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Planning for the Unexpected: Three Parts of Your Delivery Process You Can Control

As negotiations loom closer to their July 31 deadline, Teamsters and UPS are struggling to come to an agreement for some 340,000 Union workers. Not to mention, FedEx will also experience delays as they try to handle the massive volume of both carriers on their own. Although a strike hasn't happened since 1997, it's still a possibility. For small business owners who navigated the turbulent disruption of deliveries during the 2020 pandemic, this may feel like familiar - and unwelcomed - territory. Although no one can plan for the unexpected, it’s possible to begin implementing a few strategies you can control.

Communicate Early and Often

“If you don’t control the story, the story controls you.” This old PR adage is especially true in 2023 when customers can take to Google, Facebook, Amazon, Etsy and more to voice their complaints about your product or service. When it comes to delivering during turbulent times - whether your main carrier might be on strike, or part of your logistics chain might be interrupted by inclement weather - informing your customers before the delay is important. We recommend adding banners and notices at your physical and online stores and include notifications at checkout that delays are possible.

If you communicate early and often about the disruptions, customers are less likely to jump to conclusions about your service since you are publicly showing that A) You are aware of the issue and B) It’s out of your control and C) You are sorry for any inconvenience. Best case scenario: your product still arrives within a reasonable time and your customer is pleasantly surprised.

Provide a Free Gift or Future Incentive

When possible, including a small, free gift as a thank you for their patience is a helpful tool to smooth over any frustration your customer may experience. You may have already communicated to them that the product would be late, but going the extra mile to provide a small gift is worth the extra cost. It shows your customer that you care about their experience and although the slow delivery timeline is out of your control, you appreciate their patience.

The gift can be as small as a few pens and laptop stickers, or as large as a tote or t-shirt depending on how much money the customer has spent with you. If neither of those are in your budget, even a small “Thank you” note with a discount code to be used on future purchases is a welcomed gesture and it encourages people to shop with you in the future. This would give you a second opportunity to build trust with that customer.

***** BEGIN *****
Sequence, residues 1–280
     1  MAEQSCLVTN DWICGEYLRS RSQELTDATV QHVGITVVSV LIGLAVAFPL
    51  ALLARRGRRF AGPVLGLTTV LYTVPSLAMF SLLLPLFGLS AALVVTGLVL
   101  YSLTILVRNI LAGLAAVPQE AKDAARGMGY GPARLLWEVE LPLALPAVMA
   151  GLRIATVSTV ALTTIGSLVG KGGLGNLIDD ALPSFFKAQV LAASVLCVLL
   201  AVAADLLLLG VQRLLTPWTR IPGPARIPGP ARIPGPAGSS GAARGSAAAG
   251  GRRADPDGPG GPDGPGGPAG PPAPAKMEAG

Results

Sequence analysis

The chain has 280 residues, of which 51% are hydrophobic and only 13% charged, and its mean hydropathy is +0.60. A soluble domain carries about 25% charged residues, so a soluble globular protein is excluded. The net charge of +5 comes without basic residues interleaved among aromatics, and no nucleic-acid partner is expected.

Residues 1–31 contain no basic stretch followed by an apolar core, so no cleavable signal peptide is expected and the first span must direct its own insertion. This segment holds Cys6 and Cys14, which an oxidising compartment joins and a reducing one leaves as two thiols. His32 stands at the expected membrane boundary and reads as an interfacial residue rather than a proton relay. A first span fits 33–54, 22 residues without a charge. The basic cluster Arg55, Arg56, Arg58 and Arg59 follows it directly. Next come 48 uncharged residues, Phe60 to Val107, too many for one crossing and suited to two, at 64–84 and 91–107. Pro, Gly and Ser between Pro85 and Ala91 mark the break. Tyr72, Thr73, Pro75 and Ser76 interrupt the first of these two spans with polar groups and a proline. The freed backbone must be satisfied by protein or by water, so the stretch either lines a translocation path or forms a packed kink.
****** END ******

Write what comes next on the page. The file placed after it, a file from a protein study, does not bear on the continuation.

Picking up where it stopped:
Develop a Strategic Plan

Although it may be tempting to simply move your entire delivery process with a different carrier, it’s not necessarily a strategic plan. After the 1997 strike, it took UPS about 3-4 days to get the operations and network up to the levels of service they were at prior to the strike. Fedex, however, took nearly 3 months to clear out the backlog that they were saddled with due to the UPS strike.

Having multiple options and “not putting all your eggs in one basket” limits mass disruptions to your delivery process in the future. It’s also helpful to look at logistics management companies who are monitoring delivery disruptions and are prepared to handle the shifting allocation needs between carriers.

If you’re unsure which parts of your supply chain can be improved - and what your options are - you can request a free supply chain checkup from our team. We’ll look at your current strategy from operations and shipping to vendors and storage and identity opportunities for improvement especially in an unstable delivery environment.

Unfortunately, for most business owners, predicting the future stops at financial forecasting. As your customers travel through your sales funnel, you know that the sale is not complete (or successful) until they receive a product that they love. Any delays in that relationship-building can poke holes at the trust you’ve built with your customers - especially if you do not see them face to face. Planning ahead and developing a strategic plan can go a long way in building that trust.

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